Cases reported "Factor XII Deficiency"

Filter by keywords:



Filtering documents. Please wait...

1/47. Factor XII Tenri, a novel cross-reacting material negative factor xii deficiency, occurs through a proteasome-mediated degradation.

    A homozygous cross-reacting material negative factor XII-deficient patient with 3% antigen and activity levels of factor XII was screened for the identification of a mutation at the genomic level. Low-ionic strength single-stranded conformation polymorphism (SSCP) analysis and sequence analysis showed that the proband's gene for factor XII had an A-->G substitution at nucleotide position 7832 in exon 3, resulting in a Tyr34 to Cys substitution in the NH2-terminal type II domain of factor XII. We designated this mutation as factor XII Tenri. Mutagenic polymerase chain reaction (PCR), followed by KpnI digestion, showed a homozygous mutation in the proband's gene and heterozygous mutations in his parents and sister. immunoprecipitation and Western blot analyses of plasma samples from the factor XII Tenri family indicated that the proband had a trace amount of variant factor XII with an apparent molecular mass of 115 kD, which was converted to the normal 80-kD form after reduction, suggesting that factor XII Tenri was secreted as a disulfide-linked heterodimer with a approximately 35-kD protein, which we identified as alpha1-microglobulin by immunoblotting. pulse-chase experiments using baby hamster kidney (BHK) cells showed that Tenri-type factor XII was extensively degraded intracellularly, but the addition of cystine resulted in increased secretion of the mutant. Using membrane-permeable inhibitors, we observed that the degradation occurred in the pre-Golgi, nonlysosomal compartment and a proteasome appeared to play a major role in this process. On the basis of these in vitro results, we speculate that the majority of the factor XII Tenri is degraded intracellularly through a quality control mechanism in the endoplasmic reticulum (ER), and a small amount of factor XII Tenri that formed a disulfide-linked heterodimer with alpha1-microglobulin is secreted into the blood stream.
- - - - - - - - - -
ranking = 1
keywords = deficiency
(Clic here for more details about this article)

2/47. Symptomatic combined homozygous factor xii deficiency and heterozygous factor v Leiden. [email protected]

    A family with a combined deficiency of factor XII and factor v Leiden is presented. The proposita is a 72-year-old who showed a mild to moderate thrombotic tendency characterized by two episodes of deep venous thrombosis and superficial phlebitis between the age of 50 and 71. She was shown to be carrier of homozygous factor xii deficiency and heterozygous FV Leiden mutation. A sister of the proposita showed the same pattern but remained asymptomatic. Other family members showed either isolated heterozygous factor xii deficiency or combined heterozygous factor xii deficiency and heterozygous FV Leiden mutation but were all asymptomatic. These data lend support to those who maintain that FV Leiden is a mild genetic determinant for thrombosis. The role of FXII deficiency as an additional risk factor remains questionable.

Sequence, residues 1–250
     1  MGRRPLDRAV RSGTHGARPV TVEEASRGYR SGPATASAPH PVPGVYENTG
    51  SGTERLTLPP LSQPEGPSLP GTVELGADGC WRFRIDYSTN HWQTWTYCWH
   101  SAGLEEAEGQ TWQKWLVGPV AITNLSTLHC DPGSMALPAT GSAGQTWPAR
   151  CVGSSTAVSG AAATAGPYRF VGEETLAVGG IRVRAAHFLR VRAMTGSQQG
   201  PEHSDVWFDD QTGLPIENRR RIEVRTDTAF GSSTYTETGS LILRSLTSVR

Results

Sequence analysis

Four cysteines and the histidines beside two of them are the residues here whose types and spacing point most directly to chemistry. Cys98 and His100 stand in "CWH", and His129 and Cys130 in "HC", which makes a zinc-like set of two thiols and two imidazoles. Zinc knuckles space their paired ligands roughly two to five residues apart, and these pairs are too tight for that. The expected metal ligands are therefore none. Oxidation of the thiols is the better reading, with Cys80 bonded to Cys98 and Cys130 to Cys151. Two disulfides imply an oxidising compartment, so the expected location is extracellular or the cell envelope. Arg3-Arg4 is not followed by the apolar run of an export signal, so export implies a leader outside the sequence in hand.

- - - - - - - - - -
ranking = 2.25
keywords = deficiency
(Clic here for more details about this article)

3/47. Is factor xii deficiency related to recurrent miscarriage?

    Factor XII (FXII) is an important protease that plays a major role in the initiation of the intrinsic pathway of blood coagulation. Although congenital FXII deficiency is not associated with a clinical bleeding tendency, it can be identified on a routine coagulation test, such as a prolonged activated partial thromboplastin time. This deficiency is a rare autosomal recessive disorder. It is still unclear whether FXII deficiency causes any disorders during pregnancy. Recurrent miscarriages and placental abruption were reported in cases with FXII deficiency. We successfully treated a woman whose pregnancy was complicated by congenital FXII deficiency. We report her clinical courses of gestation, delivery, and puerperium and discuss the role of maternal FXII associated with pregnancy. In our case, courses of gestation and delivery were normal. Postpartum uterine bleeding was, however, prolonged due to a subinvolution of the puerperal uterus. Our results indicate that, except for postpartum uterine contraction, FXII does not play a major role in gestation and delivery. We suggest that FXII deficiency is not associated with recurrent miscarriage and that normal gestation and vaginal delivery are possible even in cases with congenital FXII deficiency. We assert that the possible correlation of FXII deficiency with recurrent miscarriage merits reevaluation.
- - - - - - - - - -
ranking = 3
keywords = deficiency
(Clic here for more details about this article)

4/47. aortic valve replacement in a patient with factor xii deficiency: case report.

    Congenital factor xii deficiency is a rare condition. We report a case of aortic valve replacement (AVR) in a 63-year-old man with factor xii deficiency. On admission, the patient's activated partial thromboplastin time (aPTT) was prolonged (271 s), and activated clotting time was 500 s. His factor XII level was <3%. The Sonoclot signature showed an abnormal pattern. AVR with a prosthetic valve (St. Jude Medical) was performed safely after the normalization of aPTT and the Sonoclot signature by frozen plasma transfusion. The perioperative management in patients with factor xii deficiency is discussed.
- - - - - - - - - -
ranking = 1.75
keywords = deficiency
(Clic here for more details about this article)

5/47. [Ischemic stroke in a patient with factor XII (Hageman) deficiency]

    Unlike most other coagulation factor deficiencies, usually associated with abnormal bleeding, lack of factor XII (Hageman) can result in thromboembolic events as a result of a deficient fibrinolytic system. We report a patient with an ischemic stroke and factor xii deficiency, a rare hereditary disorder. The optimal therapy for these uncommon disorders is not well established, but they probably require long term anticoagulation to prevent subsequent thrombotic events.